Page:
Finding the Blues in the Rolling Stones is a no-brainer, but if you’re somehow looking for a clue, take note: The band’s name is pulled from Muddy Waters’ “Catfish Blues.” Yet, despite this homage, the Stones are still conventionally considered exemplars of Classic Rock, the most American band of the British Invasion. I’d argue that it’s those very bluesy roots that made the band so easy for Americans to adopt; roots so evident that even Charlie Watts’ fully-pocketed backbeat can’t disguise the indigo riffs in an actual paean to Rock like “It’s Only Rock and Roll, (But I Like It).” And of course, that song is far from the only one to reveal its indebtedness to Blues artists — listen to “No Expectations” for shades of Charlie Patton (Father of the Delta Blues), or the anthem “Miss You” with its blues harp echoing the sounds of the great harmonica player Little Walter.However, if you think you’ve got the Stones locked by classifying them as Blues Rock, you’re still not getting the full picture. The seeds of Glam may be a bit more difficult to discern, but they’re still there — especially in attitude and visual presentation. Check out the earliest U.S. TV appearances of the Stones in 1964, and you’ll see a band of boys with scruffy hair and mismatched clothes who all but roll their eyes at the socially-sanctioned questions of their interviewers. You’ll also find all the chicken-strutting, sexually-ambiguous pageantry you need to make sense of Mick Jagger in a bedazzled onesie eight years later in Madison Square Garden.
Think on this. In 1964 (a time when sodomy was still a crime in every state but Illinois), talk show host Mike Douglas asks the young musicians which one of them is most popular with the girls. Brian Jones pipes up with “Mick’s more popular with the men,” and Douglas responds with a nervous “He doesn’t do a thing to me, I’ll tell you that!” leading Mick to retort: “You don’t do much for me, though,” leaving Douglas so flustered that he can’t successfully read the next song title on the teleprompter.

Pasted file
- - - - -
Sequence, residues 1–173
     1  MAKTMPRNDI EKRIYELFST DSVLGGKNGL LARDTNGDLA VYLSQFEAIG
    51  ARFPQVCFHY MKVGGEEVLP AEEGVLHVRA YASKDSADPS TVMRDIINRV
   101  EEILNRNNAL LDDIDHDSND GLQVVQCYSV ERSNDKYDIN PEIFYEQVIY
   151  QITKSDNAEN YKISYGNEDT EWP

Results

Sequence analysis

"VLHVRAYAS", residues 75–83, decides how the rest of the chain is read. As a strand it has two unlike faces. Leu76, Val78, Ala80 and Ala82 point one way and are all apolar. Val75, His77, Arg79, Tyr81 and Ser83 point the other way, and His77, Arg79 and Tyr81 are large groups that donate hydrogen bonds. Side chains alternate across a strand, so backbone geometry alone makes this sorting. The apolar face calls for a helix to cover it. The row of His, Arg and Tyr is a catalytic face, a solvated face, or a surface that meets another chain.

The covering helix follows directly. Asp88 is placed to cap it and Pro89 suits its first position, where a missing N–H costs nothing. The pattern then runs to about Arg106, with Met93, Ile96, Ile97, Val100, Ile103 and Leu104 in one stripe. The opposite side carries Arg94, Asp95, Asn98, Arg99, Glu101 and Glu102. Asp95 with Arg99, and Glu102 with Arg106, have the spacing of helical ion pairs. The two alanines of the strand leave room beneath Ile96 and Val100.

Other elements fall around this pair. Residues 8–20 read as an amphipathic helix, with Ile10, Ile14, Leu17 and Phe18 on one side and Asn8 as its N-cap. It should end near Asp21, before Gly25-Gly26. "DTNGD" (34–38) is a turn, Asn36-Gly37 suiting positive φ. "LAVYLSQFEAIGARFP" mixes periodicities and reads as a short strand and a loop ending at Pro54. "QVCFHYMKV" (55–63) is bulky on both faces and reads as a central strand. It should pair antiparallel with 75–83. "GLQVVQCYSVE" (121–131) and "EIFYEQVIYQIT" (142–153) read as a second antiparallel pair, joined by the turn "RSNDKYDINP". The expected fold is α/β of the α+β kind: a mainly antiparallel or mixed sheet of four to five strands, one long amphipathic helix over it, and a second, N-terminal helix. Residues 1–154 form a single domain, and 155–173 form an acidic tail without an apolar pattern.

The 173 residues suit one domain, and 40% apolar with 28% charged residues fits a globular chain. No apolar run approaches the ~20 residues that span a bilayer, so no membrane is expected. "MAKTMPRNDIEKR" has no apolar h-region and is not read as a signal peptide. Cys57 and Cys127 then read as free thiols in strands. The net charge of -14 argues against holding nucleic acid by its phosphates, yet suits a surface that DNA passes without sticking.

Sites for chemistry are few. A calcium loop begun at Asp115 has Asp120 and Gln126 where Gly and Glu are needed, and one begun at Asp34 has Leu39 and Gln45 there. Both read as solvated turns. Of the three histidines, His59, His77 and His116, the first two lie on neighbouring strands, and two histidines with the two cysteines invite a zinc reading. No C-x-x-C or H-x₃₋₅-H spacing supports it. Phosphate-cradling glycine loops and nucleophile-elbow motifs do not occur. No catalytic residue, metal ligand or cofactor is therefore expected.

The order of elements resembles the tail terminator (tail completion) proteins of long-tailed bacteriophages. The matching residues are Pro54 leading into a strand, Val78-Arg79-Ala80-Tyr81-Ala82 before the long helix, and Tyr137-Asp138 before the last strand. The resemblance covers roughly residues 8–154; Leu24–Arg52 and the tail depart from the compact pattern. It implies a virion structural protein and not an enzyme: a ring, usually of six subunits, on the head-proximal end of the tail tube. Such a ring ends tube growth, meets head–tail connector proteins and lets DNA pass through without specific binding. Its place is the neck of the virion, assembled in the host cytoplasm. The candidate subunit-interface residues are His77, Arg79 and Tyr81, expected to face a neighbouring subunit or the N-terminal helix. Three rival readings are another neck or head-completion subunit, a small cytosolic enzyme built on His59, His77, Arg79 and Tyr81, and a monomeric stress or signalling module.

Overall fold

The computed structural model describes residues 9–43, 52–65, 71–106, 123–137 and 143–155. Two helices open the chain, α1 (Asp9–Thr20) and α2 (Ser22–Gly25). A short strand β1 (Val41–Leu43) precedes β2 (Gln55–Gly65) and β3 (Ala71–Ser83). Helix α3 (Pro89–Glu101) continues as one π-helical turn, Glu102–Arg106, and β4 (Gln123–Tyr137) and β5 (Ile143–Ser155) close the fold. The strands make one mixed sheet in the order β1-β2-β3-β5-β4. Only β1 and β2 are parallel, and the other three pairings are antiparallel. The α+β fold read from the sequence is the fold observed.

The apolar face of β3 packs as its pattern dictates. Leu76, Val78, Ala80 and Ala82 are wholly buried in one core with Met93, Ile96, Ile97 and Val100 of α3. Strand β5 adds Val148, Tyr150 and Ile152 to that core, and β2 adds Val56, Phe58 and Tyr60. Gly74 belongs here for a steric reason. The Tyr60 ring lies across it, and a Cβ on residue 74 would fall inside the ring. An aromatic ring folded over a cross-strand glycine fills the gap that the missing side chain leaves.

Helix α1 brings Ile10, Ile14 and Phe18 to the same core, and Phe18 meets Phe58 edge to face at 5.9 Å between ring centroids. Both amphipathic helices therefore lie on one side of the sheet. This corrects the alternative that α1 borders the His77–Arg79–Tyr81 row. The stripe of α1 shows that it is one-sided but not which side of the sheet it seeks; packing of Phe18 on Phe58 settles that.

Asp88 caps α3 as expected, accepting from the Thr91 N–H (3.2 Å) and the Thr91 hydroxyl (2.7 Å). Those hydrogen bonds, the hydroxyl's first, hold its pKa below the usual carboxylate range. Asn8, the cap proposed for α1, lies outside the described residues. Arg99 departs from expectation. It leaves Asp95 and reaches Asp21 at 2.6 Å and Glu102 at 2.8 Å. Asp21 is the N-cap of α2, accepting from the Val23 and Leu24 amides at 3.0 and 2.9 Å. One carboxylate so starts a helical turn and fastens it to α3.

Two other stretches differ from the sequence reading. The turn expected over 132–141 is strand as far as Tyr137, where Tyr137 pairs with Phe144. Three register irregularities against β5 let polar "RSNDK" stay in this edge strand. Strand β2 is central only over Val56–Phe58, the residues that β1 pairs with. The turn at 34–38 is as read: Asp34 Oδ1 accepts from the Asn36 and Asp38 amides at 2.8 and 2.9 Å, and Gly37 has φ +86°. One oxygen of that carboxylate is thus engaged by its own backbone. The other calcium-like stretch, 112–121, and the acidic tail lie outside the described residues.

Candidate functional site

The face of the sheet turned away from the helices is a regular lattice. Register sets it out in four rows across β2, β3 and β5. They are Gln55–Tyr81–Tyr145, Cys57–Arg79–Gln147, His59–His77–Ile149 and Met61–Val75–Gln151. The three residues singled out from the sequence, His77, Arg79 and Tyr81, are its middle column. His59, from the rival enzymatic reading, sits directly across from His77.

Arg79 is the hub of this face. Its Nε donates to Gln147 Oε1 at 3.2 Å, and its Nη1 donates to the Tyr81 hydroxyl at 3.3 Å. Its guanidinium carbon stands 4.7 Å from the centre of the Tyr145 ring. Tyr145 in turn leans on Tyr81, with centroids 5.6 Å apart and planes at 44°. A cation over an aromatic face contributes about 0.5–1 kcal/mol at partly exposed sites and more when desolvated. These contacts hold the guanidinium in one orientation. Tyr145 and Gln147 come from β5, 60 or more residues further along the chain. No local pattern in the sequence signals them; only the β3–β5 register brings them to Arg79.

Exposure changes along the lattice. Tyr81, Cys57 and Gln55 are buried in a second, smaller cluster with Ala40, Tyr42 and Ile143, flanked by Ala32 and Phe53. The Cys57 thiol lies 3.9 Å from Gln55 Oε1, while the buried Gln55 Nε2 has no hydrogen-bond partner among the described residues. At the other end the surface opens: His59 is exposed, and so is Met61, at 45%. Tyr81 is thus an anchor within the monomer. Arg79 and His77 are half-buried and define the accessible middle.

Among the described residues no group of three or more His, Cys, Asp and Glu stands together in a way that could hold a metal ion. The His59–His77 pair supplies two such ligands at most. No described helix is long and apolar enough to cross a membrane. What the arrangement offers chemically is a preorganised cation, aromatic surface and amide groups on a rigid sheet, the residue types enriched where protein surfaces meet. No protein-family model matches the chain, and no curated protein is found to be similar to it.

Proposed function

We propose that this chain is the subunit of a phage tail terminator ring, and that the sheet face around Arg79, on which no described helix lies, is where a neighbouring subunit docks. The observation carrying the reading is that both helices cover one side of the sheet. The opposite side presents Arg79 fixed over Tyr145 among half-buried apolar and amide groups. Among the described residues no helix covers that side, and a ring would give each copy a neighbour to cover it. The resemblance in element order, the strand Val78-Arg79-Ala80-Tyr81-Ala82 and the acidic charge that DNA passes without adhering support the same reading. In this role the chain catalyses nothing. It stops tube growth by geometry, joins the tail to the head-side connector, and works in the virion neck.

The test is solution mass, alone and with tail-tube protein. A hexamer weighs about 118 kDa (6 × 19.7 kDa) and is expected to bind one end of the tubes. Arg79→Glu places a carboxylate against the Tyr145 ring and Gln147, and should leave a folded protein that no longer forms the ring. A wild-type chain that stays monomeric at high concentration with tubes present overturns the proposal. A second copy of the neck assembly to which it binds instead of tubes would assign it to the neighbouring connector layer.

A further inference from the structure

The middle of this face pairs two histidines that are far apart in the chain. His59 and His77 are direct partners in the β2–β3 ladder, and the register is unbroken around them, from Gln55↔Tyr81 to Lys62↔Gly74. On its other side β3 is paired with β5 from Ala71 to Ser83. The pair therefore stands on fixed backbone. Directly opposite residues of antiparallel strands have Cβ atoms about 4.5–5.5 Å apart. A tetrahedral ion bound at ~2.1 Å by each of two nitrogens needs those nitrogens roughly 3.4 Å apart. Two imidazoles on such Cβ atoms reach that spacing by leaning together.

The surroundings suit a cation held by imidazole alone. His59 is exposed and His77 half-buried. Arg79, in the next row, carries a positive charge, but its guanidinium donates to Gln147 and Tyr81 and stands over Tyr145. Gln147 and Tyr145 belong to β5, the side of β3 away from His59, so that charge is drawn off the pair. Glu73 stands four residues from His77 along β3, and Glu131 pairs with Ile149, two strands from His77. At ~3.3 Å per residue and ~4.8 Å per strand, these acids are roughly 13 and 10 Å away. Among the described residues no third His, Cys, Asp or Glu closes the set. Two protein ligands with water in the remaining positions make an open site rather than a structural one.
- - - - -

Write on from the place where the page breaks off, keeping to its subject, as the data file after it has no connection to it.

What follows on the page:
Within the next four years, the Stones had pinged almost every theme which would later come to define Glam Rock: sci-fi (“2000 Light Years From Home“), unapologetic sex (“Let’s Spend the Night Together“), anti-establishment (“The Under Assistant West Coast Promotion Man,” “You Can’t Always Get What You Want“), and gender fluidity (“Have You Seen Your Mother, Baby, Standing in the Shadow?“’s drag album cover).
During the final years of the ’60s, while The Beatles and The Who were getting political, the Stones remained steadfastly rebellious without taking on any cause of the day. They were absent from Woodstock, dismissive of the Black Panthers, and fairly apolitical with the press. As with Glam Rockers of the ‘70s, the Stones rejected mainstream culture, not by protesting it, but by turning their attention to self-satisfaction via sex, drugs, and rock and roll. And, of course, they had all the hair.
Some may argue that Mick was the costume maniac, that one flamboyant front-man does not a Glam band make. But candids of band-mates Keith Richards and Brian Jones offstage throughout the late ‘60s reveal that three out of four Stones were competing for the High Camp award while Charlie Watts could’ve just straight up sued early Mark Bolan for ripping off his dandy shtick.
Glam and Blues aren’t really that strange as bedfellows, when you think of it. They both started out as underground art forms, rising from the ranks of the rejected — and in this sense, were perfect for the bad boys of Rock and Roll. In a fabulous half-century cultural swap-meet, the Stones invaded America armed with chord progressions stamped “Made in the U.S.A,” were quickly seduced into sympathizing with the Devil, re-invigorated the jump-suits, sashes, furs, and satin shirts of their homeland, and through it all, cranked out a Rock and Roll so iconic that we can’t have a complete discussion about this American-born genre without mentioning Jagger, Richards, Jones, Wyman, and Watts — still British citizens one and all. Perhaps it took an outsider’s eye to bring Blues back to its homeland, and dress it up a bit so we weren’t quite sure what we were looking at . . . so we had to listen, instead.
Photo: Jim Pietryga